Making of Chicken broth for Fogat

In swift movements, Arwa’s mum separates the chicken from the broth, strains it and uses this stock of flavours to partially cook the rice. Then layers the chicken amidst the rice, covering it with more rice, covers the pot and places in the oven to slowly cook to perfection… I was in agony! I wanted it to be ready already, I wanted to dive into that pot of flavour heaven! I had to be distracted. So I finally asked the question: What is the ingredient that lends that almost perfumy flavour? Kind of like Bkhoor (the incense that Emirati’s burn at their homes)? Arwa explains that every family have their own Bzar mix, the recipe of which is a secret. She went on saying that she actually does not know what exactly is in it! I was frustrated! I had to know! you know how sometimes it’s like the word is at the top of your tongue but you still don’t seem able to articulate it? That is exactly how I felt. I knew that aroma, but I could not place it. I decided to go to her mum. She gave me the ingredients that make Bzar, I was so grateful and happy that she did, but none of them was responsible for that aroma, I decided to let go…

The Foga rice

While at it, I have asked her how all the other things were made… the poor woman had to deal with my food curious mind that never rests, I seriously could spend a whole week there talking food. So much like my own mum, with care and gentle understanding she smiles at me and answers my many many questions 🙂

I go back to my seat, and I asked those next to me if they had any idea what it could be! Here is the thing, very rare are the occasions when I can’t place a flavour. One like this one is so pungent it actually makes the whole experience. In these occasions my mind wins over me, driven by curiosity, it just has to know! One suggested Sandal wood. That is it I thought! Sandal wood is aromatic and quite perfumey, that must be it! Relieved at my findings, I could now rest and concentrate on the rest of the food.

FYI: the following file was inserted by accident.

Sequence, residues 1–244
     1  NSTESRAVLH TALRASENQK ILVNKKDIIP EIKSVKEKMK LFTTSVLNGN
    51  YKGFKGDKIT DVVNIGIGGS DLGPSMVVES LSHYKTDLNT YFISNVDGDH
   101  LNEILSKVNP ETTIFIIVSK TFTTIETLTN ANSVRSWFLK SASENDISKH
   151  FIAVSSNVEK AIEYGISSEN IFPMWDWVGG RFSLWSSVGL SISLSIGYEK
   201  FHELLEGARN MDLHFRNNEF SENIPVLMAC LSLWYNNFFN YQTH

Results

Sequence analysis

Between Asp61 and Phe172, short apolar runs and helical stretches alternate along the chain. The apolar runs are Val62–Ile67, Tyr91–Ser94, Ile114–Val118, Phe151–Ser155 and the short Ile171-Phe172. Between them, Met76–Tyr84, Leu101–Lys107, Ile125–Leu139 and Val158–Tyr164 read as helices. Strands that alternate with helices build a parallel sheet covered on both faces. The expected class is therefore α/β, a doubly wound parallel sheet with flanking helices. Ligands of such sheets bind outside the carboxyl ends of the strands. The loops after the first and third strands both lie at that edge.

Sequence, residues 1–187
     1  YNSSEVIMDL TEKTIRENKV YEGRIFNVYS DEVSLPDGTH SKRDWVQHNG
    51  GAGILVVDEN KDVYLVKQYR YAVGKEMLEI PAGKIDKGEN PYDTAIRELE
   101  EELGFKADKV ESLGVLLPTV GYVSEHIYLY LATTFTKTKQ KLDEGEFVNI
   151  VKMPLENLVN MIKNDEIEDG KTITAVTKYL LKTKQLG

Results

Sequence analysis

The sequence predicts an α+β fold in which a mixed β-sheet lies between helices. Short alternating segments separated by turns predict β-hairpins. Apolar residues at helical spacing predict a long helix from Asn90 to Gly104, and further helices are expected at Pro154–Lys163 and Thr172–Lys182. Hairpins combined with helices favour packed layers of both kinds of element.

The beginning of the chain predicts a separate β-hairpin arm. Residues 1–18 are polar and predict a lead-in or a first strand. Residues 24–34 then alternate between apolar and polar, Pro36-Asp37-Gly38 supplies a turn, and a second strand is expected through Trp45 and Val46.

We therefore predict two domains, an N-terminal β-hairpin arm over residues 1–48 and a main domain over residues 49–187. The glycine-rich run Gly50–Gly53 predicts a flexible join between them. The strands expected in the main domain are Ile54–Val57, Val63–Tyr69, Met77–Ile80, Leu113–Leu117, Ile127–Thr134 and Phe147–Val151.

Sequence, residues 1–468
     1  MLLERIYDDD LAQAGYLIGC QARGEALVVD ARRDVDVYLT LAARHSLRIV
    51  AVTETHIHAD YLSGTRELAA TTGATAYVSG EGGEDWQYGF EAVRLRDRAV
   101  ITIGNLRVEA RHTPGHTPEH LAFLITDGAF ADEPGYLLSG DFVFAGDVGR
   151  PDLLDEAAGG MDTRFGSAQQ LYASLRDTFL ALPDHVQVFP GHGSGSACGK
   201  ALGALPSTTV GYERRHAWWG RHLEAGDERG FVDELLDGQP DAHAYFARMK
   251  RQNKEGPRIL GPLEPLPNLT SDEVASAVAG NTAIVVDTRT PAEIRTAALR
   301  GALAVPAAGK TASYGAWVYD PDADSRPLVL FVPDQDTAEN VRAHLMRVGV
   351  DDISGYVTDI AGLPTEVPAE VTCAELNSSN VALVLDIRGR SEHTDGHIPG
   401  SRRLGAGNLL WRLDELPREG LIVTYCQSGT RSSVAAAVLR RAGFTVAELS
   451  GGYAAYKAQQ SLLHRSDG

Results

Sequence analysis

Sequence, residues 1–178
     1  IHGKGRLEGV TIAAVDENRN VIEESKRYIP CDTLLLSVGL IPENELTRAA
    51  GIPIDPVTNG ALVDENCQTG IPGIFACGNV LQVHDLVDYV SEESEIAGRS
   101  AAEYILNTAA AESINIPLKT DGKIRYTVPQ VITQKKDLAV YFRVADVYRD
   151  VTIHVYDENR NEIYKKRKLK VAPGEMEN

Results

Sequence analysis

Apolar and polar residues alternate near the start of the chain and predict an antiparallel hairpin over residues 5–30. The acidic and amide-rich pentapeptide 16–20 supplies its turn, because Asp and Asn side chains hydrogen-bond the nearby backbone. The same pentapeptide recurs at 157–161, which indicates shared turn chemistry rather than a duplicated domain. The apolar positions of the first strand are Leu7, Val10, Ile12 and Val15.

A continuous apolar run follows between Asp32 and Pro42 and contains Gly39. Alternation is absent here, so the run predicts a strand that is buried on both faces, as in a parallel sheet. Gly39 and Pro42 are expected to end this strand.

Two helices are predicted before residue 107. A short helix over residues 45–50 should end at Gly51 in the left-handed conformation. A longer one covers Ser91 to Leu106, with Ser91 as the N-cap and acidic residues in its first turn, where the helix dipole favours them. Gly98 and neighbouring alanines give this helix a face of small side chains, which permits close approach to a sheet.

Cooking right now was Balaleet (a savoury sweet dish made out of sweetened vermicelli, mixed with onions and scrambled eggs usually served for breakfast). When I tried it, I found that it was quite unusual! Not exactly my preferred flavour combinations, but very different.

Fogat Diyay

It was then time to sample and I am telling you, the Foga is just extraordinary! It is food as I like it! Spiced, packed full with flavour, and indulgent with pure goodness on a plate! The type of food made for sharing, for many to enjoy at once. In every way, Arabic Cuisine! Paired with Mango pickles! or Pickled Onions! or Pickled Limes!!! I can’t tell you enough! It did not disappoint, in fact it over delivered!! I love it and will be making lots of it.

Accompanying Pickles

The whole day was perfect, from the company, to the food to the whole experience I could not have expected more! An Emirati home is one full of culture, tradition and heritage. In True Arabic Tradition, the Emirati’s are exemplary of fine hospitality, generosity, and grace. Just like their country, they are welcoming, warm and inviting people, they have made us feel right at home.

Chami with dates

PS As I went back home and kept thinking of that flavour that was driving me crazy. I found myself unhappy with the sandlewood option!!! It could not be, it tasted different. That is when I found out what that aroma was!!!! The word slipped from the top of my tongue out as a voice and it said:  “frankincense!!!” that’s what it was!!! I knew I knew it. Just could not pin it!! And now I did!!! YAY!! :))

Arwa, Thank you for the fabulous introduction to Emirati Cuisine.

Happy National day UAE 🙂

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10 responses to “In an Emirati Home – It Is All About Heritage & Culture

  1. Marta, thank you for the sweet words, and for enjoying my post 🙂 having to read it after many versions of the evnt is challenging, but am glad it could still delight 🙂

    Arwa,
    The day was perfect and spoke for itself, I just put it in words. You did a fabulous job organising the event, and the food was awesome! So you are welcome, and am so glad you enjoyed it 🙂
    Hugs back at you xx

  2. Your attention to detail is amazing. I would never have noticed or understood the significance of the half-full coffee cup. I love your Levantine perspective too. Fabulous account of a lovely day Dima.

  3. Thank you Sally, it was a very good day, with real good food, loved your account of it as well and enjoyed reading 🙂

    Thank you Botanical Baker 🙂 I also enjoyed learning about advent calendars from you and loved those beautiful pockets you guys made 🙂